As you may know, the expansion of renewable energy generation in Scotland in particular has been extremely successful. Non-carbon based energy must be the mainstay of the future as we look to reverse man-made climate change.
I have long been a supporter of the Palestinian people, whose suffering at the hands of disproportionate Israeli Defence Force (IDF) attacks has been harrowing. The occupation of Gaza and the continued expansion of settlements in the West Bank is both illegal and deeply unhelpful.
The current escalation in violence is particularly concerning with the IDF effectively implementing a shoot to kill policy on Palestinian citizens.
Prior to the election, a number of people asked me to clarify my position on fracking, something I was happy to do. I first got involved in politics in the late seventies through campaigning against nuclear power and ever since I’ve been an advocate of renewable energy. So, I guess that even when I first discovered what the term “fracking” meant (and realising that it wasn’t the ubiquitous expletive from the sci-fi series Battlestar Galactica – of which I am a fan) I felt in my water it was a bad thing.
But I spent a bit of time reading up on the subject as I didn’t want to be accused of making a kneejerk response to the debate. And the more I read the more I concluded my initial instincts were correct.
On the 21st July, I backed the SNP's call for the Treasury to look again at exempting the Scottish Police and Scottish Fire and Rescue Service from a continuing VAT anomaly. Police Scotland is the only police authority in the UK unable to recover VAT and is liable to an annual cost of around £23 million. The Scottish Fire and Rescue Service is similarly disadvantaged, and is liable for an annual cost of around £10 million.
My support was added in the debate on the Finance Bill:
I have been asked to add my name to Diane Abbott's Early Day Motion 66, Supermarket Disposal of Edible Food. I have been delighted to do so as I believe that we can take some simple but firm steps that will both eliminate food waste and benefit charities and food banks.
In addition, the SNP Scottish Government is doing what it can with the resources and powers it has to tackle poverty and food poverty. We are investing around £296 million from 2013-14 to 2015-16 in anti-poverty measures, including our £1 million Emergency Food Action Plan which helps 26 Emergency Food Projects provide food aid and funds FareShare to redistribute food from retailers to community organisations.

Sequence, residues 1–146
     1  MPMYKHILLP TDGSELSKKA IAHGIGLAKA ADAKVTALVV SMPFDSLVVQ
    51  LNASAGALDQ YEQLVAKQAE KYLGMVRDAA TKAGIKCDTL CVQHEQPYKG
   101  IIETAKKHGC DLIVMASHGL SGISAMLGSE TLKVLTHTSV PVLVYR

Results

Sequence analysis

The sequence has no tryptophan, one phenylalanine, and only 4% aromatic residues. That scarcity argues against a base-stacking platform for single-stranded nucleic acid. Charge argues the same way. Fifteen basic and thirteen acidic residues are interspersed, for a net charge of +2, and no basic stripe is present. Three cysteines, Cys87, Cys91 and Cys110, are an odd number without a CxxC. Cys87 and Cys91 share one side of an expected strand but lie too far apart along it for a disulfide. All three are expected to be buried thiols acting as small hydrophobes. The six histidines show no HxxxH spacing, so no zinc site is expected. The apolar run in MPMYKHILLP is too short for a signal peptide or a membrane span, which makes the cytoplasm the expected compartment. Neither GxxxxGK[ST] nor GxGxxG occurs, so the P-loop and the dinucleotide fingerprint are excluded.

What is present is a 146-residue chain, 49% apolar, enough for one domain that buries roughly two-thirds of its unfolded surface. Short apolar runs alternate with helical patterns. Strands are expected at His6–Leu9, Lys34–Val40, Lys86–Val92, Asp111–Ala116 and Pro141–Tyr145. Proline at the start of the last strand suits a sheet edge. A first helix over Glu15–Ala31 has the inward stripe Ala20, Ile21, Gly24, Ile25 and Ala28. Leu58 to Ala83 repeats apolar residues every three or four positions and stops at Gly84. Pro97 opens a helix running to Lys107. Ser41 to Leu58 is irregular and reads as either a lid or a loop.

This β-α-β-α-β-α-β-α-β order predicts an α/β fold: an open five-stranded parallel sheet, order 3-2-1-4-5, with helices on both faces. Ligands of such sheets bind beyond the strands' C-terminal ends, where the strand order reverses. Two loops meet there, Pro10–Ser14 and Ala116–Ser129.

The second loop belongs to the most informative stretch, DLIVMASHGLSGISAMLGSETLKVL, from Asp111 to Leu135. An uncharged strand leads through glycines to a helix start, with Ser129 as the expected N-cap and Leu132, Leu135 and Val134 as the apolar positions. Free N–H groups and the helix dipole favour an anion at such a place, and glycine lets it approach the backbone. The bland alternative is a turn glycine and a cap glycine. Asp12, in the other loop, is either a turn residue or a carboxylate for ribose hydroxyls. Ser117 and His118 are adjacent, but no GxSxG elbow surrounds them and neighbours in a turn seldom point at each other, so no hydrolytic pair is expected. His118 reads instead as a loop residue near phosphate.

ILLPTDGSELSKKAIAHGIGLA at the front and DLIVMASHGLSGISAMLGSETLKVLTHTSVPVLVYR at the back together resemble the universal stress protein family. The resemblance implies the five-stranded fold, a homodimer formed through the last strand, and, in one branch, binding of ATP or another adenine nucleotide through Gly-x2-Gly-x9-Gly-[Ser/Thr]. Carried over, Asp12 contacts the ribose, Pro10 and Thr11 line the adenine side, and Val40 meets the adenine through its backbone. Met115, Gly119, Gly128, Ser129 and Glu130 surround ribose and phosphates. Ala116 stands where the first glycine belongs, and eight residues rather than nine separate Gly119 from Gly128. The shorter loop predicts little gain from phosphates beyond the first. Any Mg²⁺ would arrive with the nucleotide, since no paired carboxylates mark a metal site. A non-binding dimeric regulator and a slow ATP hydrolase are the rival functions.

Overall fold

Although it didn’t feature in the recent Queen’s Speech, Tory proposals to scrap the Human Rights Act have alarmed many of us.
The 1998 Human Rights Act is a fundamental means of securing the rights and liberties of citizens across the UK. It was written to ensure that UK legislation conforms to the 1953 European Convention on Human Rights. It is one of the most important expressions of post-World War II Europe’s commitment to human rights and it is shocking that seventy years after Europe said ‘never again’, the Conservative Party would even consider repealing the Act.
The concerns of submariner William McNeilly regarding safety of the UK’s nuclear defence base at Faslane Naval base were published in the Sunday Herald in May. Mr McNeilly, who is still in military police custody, has written a detailed 18-page report called 'The Nuclear Secrets', which claims to lift the lid on the alarming state of the UK's ageing and short-staffed nuclear deterrent.
It is of little comfort to me that a Ministry of Defence probe, done in extra quick time, and with little public input has found the claims to be "factually incorrect". The SNP secured a debate on the matter in the first week of the new Parliament and I am proud that we are already taking action and standing up for the people of Scotland. However, the Government saw fit only to issue a brief statement on the matter. Alex Salmond is right when he says this is insulting to peoples' intelligence. As he said, clearly: "Trident is a key issue for people in Scotland. It is bad enough that Scotland is forced to house these weapons of mass destruction but these alleged breaches of security are deeply worrying - there must be absolutely no complacency."
Many constituents have been in touch regarding the Tory Party Manifesto promise to repeal the 2004 Hunting Act which banned fox hunting in England and Wales. Whilst there was no mention of it in the recent Queen’s Speech, we cannot guarantee the Government won’t return to it in the coming years given that the Tories remains committed to the repeal.